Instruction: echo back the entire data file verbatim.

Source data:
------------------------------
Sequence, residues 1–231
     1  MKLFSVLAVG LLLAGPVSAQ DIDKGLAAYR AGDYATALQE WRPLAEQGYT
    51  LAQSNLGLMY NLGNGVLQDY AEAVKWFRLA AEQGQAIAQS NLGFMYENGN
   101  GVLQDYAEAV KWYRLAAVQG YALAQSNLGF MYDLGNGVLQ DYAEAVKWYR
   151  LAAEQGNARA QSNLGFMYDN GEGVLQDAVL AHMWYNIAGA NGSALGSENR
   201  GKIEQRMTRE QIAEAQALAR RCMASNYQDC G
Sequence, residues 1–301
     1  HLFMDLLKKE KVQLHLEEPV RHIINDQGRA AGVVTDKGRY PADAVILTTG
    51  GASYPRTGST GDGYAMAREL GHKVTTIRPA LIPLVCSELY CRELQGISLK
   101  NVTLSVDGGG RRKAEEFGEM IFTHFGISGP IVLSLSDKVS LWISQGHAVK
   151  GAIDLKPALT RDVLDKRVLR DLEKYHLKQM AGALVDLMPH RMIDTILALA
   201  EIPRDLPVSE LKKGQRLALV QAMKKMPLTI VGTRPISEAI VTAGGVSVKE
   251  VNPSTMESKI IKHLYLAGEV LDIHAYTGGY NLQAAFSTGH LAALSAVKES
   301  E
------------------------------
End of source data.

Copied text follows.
Sequence, residues 1–231
     1  MKLFSVLAVG LLLAGPVSAQ DIDKGLAAYR AGDYATALQE WRPLAEQGYT
    51  LAQSNLGLMY NLGNGVLQDY AEAVKWFRLA AEQGQAIAQS NLGFMYENGN
   101  GVLQDYAEAV KWYRLAAVQG YALAQSNLGF MYDLGNGVLQ DYAEAVKWYR
   151  LAAEQGNARA QSNLGFMYDN GEGVLQDAVL AHMWYNIAGA NGSALGSENR
   201  GKIEQRMTRE QIAEAQALAR RCMASNYQDC G
Sequence, residues 1–301
     1  HLFMDLLKKE KVQLHLEEPV RHIINDQGRA AGVVTDKGRY PADAVILTTG
    51  GASYPRTGST GDGYAMAREL GHKVTTIRPA LIPLVCSELY CRELQGISLK
   101  NVTLSVDGGG RRKAEEFGEM IFTHFGISGP IVLSLSDKVS LWISQGHAVK
   151  GAIDLKPALT RDVLDKRVLR DLEKYHLKQM AGALVDLMPH RMIDTILALA
   201  EIPRDLPVSE LKKGQRLALV QAMKKMPLTI VGTRPISEAI VTAGGVSVKE
   251  VNPSTMESKI IKHLYLAGEV LDIHAYTGGY NLQAAFSTGH LAALSAVKES
   301  E